Thomas S. Gayner - Co-Chief Executive Officer

Thanks Richie. As I stated at the beginning there are three main engines at Markel that build financial value: our insurance operations, our investment activities, and Markel Ventures. Fortunately and pleasantly, all three engines powered positive results during the first half of 2016. Anne gave you the overall numbers and Mike and Richie described our insurance operations.

On the investment side of house we earned 5.3% on our equity investments and 4.7% on our fixed income holdings with the total return from the portfolio of 4.9%. Foreign currency effects were neutral. At June 30 equities represented 52% of our shareholders equity compared to 51% at yearend. We continue to invest in a methodical fashion and expect to increase that percentage over time. The absolute amount of equities increased roughly $300 million from depreciation and net purchases during the first six months.

Our fixed income portfolio appreciated due to lower interest rate and low credit losses, such that the ratio of equities to capital only went up by 1% during the first half of 2016. Overtime, we continue to expect to increase the overall equity weighting as we find investable ideas and continue to produce cash from our insurance, investing and Markel Ventures activities.

In our fixed income operations, we earned a bit more than the coupon, as interest rates continued to move lower. I commented in previous quarters that you needed an electron microscope to see the current level of interest rates. Now, even an electron microscope can't spot them. Now you need a theory (26:17).

We wandered further into the realm of theory in the world of interest rates so far this year. There are no practical long-term historical precedence to study and use as guides for what comes next. As such, our number one objective is to remain agile and flexible, so that we can adapt to different circumstances as they develop. Specifically, we remain illiquid and we have extended the maturity of our debt at historically low rates to maximize our options going forward. We remain as high quality as we know how to be in our fixed income portfolio and we have no credit issues to report to you. We'll try to keep it that way.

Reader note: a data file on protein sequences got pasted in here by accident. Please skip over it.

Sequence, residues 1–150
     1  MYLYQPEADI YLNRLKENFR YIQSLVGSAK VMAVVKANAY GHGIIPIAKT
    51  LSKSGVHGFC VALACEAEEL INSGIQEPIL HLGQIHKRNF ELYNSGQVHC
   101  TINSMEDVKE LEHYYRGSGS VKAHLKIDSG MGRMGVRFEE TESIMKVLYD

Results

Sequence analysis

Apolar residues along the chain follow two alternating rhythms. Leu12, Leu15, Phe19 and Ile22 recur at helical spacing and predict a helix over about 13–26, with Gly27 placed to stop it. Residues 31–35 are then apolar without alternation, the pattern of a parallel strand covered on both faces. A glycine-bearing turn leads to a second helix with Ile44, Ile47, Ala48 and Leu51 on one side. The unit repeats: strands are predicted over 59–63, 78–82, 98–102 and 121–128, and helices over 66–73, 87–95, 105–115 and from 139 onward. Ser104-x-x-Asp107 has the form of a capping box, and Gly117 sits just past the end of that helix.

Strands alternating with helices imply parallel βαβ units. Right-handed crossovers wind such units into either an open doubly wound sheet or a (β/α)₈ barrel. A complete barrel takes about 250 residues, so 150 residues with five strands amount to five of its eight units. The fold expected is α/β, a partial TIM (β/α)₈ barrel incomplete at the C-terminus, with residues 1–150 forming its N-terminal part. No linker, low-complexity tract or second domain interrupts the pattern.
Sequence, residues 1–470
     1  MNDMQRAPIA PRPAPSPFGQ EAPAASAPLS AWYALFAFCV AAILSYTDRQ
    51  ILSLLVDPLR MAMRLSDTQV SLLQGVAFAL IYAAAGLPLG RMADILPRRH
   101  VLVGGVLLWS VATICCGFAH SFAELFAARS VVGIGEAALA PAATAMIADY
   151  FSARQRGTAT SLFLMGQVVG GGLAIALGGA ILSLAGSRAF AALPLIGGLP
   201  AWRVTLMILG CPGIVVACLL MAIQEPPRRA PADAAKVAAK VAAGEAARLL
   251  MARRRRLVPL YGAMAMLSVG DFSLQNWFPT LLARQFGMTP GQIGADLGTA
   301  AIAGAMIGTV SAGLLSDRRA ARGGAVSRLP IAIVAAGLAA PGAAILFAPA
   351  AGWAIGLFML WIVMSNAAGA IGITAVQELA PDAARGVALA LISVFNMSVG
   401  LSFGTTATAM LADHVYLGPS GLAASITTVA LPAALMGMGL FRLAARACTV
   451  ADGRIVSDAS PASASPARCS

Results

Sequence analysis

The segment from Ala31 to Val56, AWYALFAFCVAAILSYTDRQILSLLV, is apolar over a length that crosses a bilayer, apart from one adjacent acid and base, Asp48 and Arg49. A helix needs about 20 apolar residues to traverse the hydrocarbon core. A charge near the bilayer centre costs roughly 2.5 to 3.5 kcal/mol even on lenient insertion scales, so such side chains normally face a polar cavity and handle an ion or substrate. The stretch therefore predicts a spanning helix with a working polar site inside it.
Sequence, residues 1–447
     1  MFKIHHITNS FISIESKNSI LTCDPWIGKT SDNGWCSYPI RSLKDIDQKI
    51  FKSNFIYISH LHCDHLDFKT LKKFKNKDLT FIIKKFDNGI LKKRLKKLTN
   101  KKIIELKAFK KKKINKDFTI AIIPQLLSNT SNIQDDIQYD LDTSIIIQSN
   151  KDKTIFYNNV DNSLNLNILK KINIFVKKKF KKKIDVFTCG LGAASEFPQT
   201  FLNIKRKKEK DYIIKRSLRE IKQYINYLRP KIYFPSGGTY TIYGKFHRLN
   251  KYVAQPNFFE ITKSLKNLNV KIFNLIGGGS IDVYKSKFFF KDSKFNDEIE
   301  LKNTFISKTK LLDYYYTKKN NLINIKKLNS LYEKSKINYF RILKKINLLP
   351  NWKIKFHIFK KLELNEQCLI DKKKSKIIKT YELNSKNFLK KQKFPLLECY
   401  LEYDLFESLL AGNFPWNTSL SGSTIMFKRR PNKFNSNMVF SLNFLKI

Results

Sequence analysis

The duration of the portfolio is slightly over four years and that roughly matches our insurance liabilities. We plan to stay in that mode for the time being. At Markel Ventures revenues increased 21% to $584 million compared to $485 million a year ago. EBITDA increased 92%, $102 million compared to $53 million and I couldn't be happier about how the Markel Ventures organization is performing.

As I said last quarter we're enjoying strong results in particular from our transportation related businesses. These businesses are and will remain cyclical in nature. But it is important to make hay while the sun shines and they are doing so. There is nothing more that I could ask of them. Our steady-eddie businesses are living up to their reputations and producing solid results and the businesses where we faced some challenges continued to improve in 2016.

Overall, we're been very pleased with the results for Markel Ventures and we would be happy to add additional companies to the fold should we find appropriately priced opportunities to do so. While overall market prices for acquisitions remain elevated, we remain patient yet confident that things will come our way. Net-net the first half of 2016 saw contributions from our insurance, investments and Markel Ventures operation.

The news remains full of scary headlines that can and will disrupt the current pleasant circumstances. That said I remain confident that the 10,000 people of Markel will continue to find a way to adapt to change, serve their customers and continue to build one of the world's great companies.

With that, thank you for your ongoing support, and we now look forward to answering your questions. Priyanka?

Question-and-Answer Session

Operator

We will now begin the question-and-answer session. The first question comes from Mark Hughes with SunTrust. Please go ahead.

Mark Douglas Hughes - SunTrust Robinson Humphrey, Inc.

Hi. Thank you very much. You talked about the higher claims frequency in med mal. Was that a shift in underwriting focus, you might have undertaken a couple of years ago or were are you seeing a change in frequency with clients you had for some period of time?

Anne G. Waleski - Chief Financial Officer & Executive Vice President